I have a table with two columns : id(int), data(text)

data holds an array of strings. I want to insert strings into it, if they're not already present.

Searched a bit, came up with this :

INSERT INTO schema_name.table_name(id, data) VALUES(1, '["3"]') 
ON DUPLICATE KEY UPDATE data= IF(JSON_CONTAINS(data,'3', '$'), JSON_ARRAY_APPEND(data, '$', '3'), data)

It does not insert "3" into data, whether or not it's already present. It doesn't return an error. I'm wondering how should I do it, and why this does not work

Thank you

  • It might help if you created a reproducible fiddle. Also, is this question really about both SQL Server and MySQL?
    – mustaccio
    Dec 22, 2022 at 13:25
  • ON DUPLICATE fires ONLY as a reaction on some UNIQUE constraint violation. What unique index in your table allows to detect that the value '["3"]' is a duplicate?
    – Akina
    Dec 22, 2022 at 16:56
  • Ugh. JSON is grossly inefficient to manipulate. Can't you lay out the schema some other way? Explain what kind of data you are storring there.
    – Rick James
    Dec 22, 2022 at 21:05
  • @RickJames I have two tables. One to store (message_id, message_text), the other one to store the message_ids for sent by a specific user(user_id, message_id_list). This is to make searching all messages of a user more efficient.
    – lyeaf
    Dec 22, 2022 at 21:24

3 Answers 3


I think you forget to add !, check the below example it adds any new number except [1-4].

SET @list = '["1","2","3","4"]';
# try existing number(1,2,3, and 4), they won't add to the list
SET @item_list = '["5"]'; 
SET @item = '5';

select IF(!JSON_CONTAINS(@list,@item_list, '$'), JSON_ARRAY_APPEND(@list, '$', @item), @list);
  • You're right. I'll switch the IF statement 2nd and 3rd argument which will be the same as adding a ! Thanks :) I also had a second issue which I explained in my 2nd post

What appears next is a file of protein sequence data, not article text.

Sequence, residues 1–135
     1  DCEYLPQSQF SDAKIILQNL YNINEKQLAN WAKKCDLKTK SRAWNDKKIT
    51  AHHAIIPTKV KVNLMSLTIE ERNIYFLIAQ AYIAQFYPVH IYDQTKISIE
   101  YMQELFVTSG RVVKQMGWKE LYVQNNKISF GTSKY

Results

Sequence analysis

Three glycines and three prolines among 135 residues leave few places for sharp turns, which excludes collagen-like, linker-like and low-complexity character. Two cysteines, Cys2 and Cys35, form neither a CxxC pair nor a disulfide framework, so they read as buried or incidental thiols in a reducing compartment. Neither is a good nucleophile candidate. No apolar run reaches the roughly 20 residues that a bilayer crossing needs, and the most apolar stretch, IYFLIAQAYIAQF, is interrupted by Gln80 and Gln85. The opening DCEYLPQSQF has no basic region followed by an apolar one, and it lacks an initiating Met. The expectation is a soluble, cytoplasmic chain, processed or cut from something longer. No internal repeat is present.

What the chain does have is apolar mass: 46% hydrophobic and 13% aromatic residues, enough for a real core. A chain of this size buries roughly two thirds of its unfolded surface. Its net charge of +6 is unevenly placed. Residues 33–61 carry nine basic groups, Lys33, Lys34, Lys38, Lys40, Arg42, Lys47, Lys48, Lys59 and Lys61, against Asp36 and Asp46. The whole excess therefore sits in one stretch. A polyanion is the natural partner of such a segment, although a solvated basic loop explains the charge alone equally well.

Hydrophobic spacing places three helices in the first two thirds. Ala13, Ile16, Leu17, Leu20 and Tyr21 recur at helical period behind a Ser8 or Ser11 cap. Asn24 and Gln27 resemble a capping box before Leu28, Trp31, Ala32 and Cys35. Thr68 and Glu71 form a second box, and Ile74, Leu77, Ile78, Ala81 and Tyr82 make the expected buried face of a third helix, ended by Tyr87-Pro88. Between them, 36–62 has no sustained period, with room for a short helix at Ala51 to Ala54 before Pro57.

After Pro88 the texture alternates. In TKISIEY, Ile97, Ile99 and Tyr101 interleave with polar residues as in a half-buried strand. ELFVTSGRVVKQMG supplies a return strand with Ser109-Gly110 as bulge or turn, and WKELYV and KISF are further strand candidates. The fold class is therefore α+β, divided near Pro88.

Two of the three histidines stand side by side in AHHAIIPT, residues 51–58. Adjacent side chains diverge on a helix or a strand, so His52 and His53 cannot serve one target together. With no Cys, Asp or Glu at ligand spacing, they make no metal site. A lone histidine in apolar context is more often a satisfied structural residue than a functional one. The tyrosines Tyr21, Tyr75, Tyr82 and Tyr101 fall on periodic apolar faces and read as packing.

– lyeaf
    Dec 22, 2022 at 21:32

the other one to store the message_ids for sent by a specific user(user_id, message_id_list).

That is a simply one-to-many relationship between Users and Messages. It is easily and efficiently implemented by having user_id in the messages table and have INDEX(user_id) on that table. No JSON (for this purpose); not slow.

  • The thing is user_id here will be a non-unique index. If I do SELECT * FROM messages WHERE user_id=1, it will take 40~ seconds to perform. Where if SELECT the different message_ids it will be instant. But I can't know what message_ids I need to fetch unless I have another table listing a user's message_ids Unless I'm misunderstanding something here.
    – lyeaf
    Dec 22, 2022 at 23:47
  • 40 Seconds?? How many rows in the table? How many rows in the result set? Do you have the INDEX I suggested? Please provide the SELECT and EXPLAIN SELECT ...
    – Rick James
    Dec 23, 2022 at 3:40
  • 1
    Oh I get it now. I first thought that all columns had an index, and that for some reason if they were not UNIQUE index then it would just take a lot of time(I know very little about SQL databases). I see now how to add an INDEX. It's created. And the searching is instant, thank you very much ! I feel like I discovered a new superpower lol
    – lyeaf
    Dec 23, 2022 at 7:54

Fixed it. There were two issues :

  1. For some reasons, if I want to check if string "3" is present in the array, I need to give JSON_CONTAINS '"3"' as second argument, and not '3' However, for JSON_ARRAY_APPEND '3' is enough.

  2. I had my IF statement's 2nd and 3rd argument switched up. As @Niyaz noted it.

This query worked :

INSERT INTO schema_name.table_name(id, data) VALUES(1, '["3"]')

ON DUPLICATE KEY UPDATE data = IF(JSON_CONTAINS(data, '"3"', '$'), data, JSON_ARRAY_APPEND(data, '$', '3'))

Will set this as AA when the 2 days wait period is over

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